Life in the lab is easy-peasy when you are only prepping a handful of tubes. But what if you need to scale up to 10’s or even 100’s of samples?
Scaling up your experiments can have some expected and some not-so-expected, leaving you in a lurch, consequences.
Read through our tips so you aren’t caught with your lab coat open the next time you need to scale up.
Do a pilot
Do a pilot experiment before jumping in and doing a large-scale experiment. This will allow you to work out the quirks, bugs and any surprises that pop-up.
You can even scale up in steps – go from 10 tubes to 50 to 100.
Figure out your rate-limiting step
Check your protocol and determine which step limits the number of samples you can run. Perhaps the rotor you need to use only holds 24 tubes, then limit your batch size to 24.
Prepare all solutions before you start
Make all of your buffers and solutions ahead of time (if you can) and make extra. You don’t want to be caught with your bottles empty in the middle of your protocol.
Schedule in plenty of extra time
Opening and closing tubes, labeling, pipetting – these are all things that only take a few seconds. But when you multiply that time by hundreds of samples, your time is eaten up by the smallest tasks.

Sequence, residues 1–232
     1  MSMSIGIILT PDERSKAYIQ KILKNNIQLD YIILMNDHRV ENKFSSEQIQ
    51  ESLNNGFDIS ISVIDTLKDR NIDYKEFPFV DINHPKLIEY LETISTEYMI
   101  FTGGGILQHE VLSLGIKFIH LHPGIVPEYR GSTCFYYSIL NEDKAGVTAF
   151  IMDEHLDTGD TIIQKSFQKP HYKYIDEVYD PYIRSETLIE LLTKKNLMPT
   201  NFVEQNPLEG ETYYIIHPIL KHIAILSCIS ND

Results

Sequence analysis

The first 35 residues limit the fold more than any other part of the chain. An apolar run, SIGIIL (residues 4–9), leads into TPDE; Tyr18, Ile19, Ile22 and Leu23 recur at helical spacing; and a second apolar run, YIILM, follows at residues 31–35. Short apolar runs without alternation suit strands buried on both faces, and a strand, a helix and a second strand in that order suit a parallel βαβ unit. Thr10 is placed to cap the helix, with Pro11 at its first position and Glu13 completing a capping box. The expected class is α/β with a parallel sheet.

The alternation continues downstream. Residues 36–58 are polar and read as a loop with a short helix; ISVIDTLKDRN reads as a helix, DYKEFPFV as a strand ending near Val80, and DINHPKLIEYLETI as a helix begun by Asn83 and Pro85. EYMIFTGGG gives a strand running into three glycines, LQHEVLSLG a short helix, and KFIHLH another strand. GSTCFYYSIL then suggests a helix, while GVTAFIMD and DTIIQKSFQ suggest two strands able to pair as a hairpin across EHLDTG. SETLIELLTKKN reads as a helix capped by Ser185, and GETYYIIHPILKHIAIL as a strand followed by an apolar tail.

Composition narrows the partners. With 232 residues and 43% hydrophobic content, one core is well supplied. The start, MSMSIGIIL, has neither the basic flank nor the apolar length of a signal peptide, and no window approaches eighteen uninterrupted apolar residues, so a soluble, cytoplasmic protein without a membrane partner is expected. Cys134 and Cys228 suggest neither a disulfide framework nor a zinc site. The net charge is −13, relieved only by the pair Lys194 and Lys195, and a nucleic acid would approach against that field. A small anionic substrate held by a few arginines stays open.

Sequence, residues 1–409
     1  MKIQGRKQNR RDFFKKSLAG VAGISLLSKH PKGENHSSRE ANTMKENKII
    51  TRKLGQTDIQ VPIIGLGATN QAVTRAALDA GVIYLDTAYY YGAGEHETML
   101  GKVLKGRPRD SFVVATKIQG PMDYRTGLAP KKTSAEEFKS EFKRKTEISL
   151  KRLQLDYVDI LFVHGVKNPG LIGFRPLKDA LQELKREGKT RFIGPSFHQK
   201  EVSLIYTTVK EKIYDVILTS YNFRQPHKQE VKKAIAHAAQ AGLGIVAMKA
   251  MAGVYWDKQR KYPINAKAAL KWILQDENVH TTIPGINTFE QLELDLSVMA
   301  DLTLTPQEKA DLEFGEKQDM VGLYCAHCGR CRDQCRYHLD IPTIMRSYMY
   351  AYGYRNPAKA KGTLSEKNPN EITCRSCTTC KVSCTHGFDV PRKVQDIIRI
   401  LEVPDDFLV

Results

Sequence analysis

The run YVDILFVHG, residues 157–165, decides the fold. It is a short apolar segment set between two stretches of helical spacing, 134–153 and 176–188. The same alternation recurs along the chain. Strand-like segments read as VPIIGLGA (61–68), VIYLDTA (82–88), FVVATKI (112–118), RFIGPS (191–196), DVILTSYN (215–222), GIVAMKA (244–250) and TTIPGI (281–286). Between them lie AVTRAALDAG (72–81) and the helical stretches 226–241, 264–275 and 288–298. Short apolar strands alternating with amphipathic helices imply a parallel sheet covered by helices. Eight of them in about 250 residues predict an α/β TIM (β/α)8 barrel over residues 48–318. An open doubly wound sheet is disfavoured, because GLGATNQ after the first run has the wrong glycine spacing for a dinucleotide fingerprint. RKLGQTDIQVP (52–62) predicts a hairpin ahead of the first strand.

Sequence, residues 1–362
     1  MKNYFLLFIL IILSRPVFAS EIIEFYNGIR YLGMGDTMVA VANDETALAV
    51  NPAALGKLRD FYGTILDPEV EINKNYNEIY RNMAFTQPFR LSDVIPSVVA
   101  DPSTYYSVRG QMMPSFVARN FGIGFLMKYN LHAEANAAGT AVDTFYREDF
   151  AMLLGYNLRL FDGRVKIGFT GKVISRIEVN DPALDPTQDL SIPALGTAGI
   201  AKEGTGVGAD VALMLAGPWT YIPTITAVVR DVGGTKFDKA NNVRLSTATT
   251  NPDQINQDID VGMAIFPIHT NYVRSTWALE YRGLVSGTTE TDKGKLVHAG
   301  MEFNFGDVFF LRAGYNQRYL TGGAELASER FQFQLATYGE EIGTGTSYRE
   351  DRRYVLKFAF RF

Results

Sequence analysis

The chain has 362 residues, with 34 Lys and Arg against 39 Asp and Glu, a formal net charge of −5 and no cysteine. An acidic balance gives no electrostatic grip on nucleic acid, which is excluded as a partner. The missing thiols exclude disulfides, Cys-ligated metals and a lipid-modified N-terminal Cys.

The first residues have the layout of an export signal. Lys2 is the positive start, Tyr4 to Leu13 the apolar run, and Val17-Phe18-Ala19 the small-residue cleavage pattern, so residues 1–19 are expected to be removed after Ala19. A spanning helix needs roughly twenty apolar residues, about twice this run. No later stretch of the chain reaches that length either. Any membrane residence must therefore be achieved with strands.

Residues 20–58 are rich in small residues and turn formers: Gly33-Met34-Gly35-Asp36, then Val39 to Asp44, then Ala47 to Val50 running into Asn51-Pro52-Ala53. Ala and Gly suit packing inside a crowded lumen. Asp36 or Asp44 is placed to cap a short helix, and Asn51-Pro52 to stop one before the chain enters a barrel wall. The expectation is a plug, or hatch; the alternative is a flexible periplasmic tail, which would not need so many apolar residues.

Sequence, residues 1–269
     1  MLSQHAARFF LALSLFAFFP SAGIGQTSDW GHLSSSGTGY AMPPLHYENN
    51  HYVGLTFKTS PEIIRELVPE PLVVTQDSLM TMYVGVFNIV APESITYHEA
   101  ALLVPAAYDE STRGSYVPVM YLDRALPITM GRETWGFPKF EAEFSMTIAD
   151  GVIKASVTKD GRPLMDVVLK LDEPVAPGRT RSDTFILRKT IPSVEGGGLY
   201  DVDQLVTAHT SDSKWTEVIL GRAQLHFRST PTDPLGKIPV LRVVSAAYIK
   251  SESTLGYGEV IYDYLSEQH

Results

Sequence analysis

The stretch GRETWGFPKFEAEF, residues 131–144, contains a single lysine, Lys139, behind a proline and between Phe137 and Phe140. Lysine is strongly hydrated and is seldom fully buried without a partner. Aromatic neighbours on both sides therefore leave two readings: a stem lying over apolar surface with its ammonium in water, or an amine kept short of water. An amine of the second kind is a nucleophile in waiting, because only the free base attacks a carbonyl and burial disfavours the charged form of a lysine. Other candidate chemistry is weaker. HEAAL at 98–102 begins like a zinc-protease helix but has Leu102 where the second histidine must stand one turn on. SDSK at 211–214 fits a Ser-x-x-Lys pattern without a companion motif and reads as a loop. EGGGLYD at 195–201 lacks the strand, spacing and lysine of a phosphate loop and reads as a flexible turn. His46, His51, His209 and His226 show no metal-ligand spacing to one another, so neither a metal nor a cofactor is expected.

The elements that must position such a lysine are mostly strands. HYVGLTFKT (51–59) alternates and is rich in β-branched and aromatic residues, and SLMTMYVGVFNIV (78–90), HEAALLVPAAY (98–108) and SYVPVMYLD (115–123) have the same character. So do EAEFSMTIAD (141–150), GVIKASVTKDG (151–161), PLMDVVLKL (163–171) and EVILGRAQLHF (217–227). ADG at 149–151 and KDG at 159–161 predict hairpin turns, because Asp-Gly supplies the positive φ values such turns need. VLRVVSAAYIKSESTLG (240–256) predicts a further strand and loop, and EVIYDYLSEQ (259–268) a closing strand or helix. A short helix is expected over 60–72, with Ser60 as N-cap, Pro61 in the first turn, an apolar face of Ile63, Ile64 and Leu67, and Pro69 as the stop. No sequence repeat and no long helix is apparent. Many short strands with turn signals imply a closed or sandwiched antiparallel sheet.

Sign up/Let people know
If you are going to hog a piece of equipment or be in the culture hood all day, let people know. There will be a lot less grumbling in the lab and you will have what you need at your disposal.
It’s an all too familiar scene: you are planning your big experiment for next week and you’ve made sure the enzyme you need is in the freezer. Unfortunately you didn’t realize your labmate needs the same enzyme. To avoid the “my experiment is more important than yours battle” make sure you order enough key reagents for your experiment without using up the lab resources.
Look for equipment that can save you time – but make sure you know how to use it
Repeat pipettors, multi-channel pipettors, vacuum assemblies even automated DNA prep machines are all great for handling lots of samples, but take the time to learn how to use them.
I really got into using repeat pipettors when I was scaling up experiments. But the first couple of times I used one, I forgot that you couldn’t count on the first or last squirts being accurate. I soon learned to refill my syringes frequently and squirt the first liquid into a waste container.
Recruit fellow lab mates
If you can, find someone to help you. If your lab has technicians that can be used for various projects, ask if they can work on yours for the day. Or if you are working on an experiment that is likely to be published by your lab, get your co-authors to pitch in.
Scaling up doesn’t have to lead to an enormous disaster. Plan ahead, take your time and you will soon have big results!
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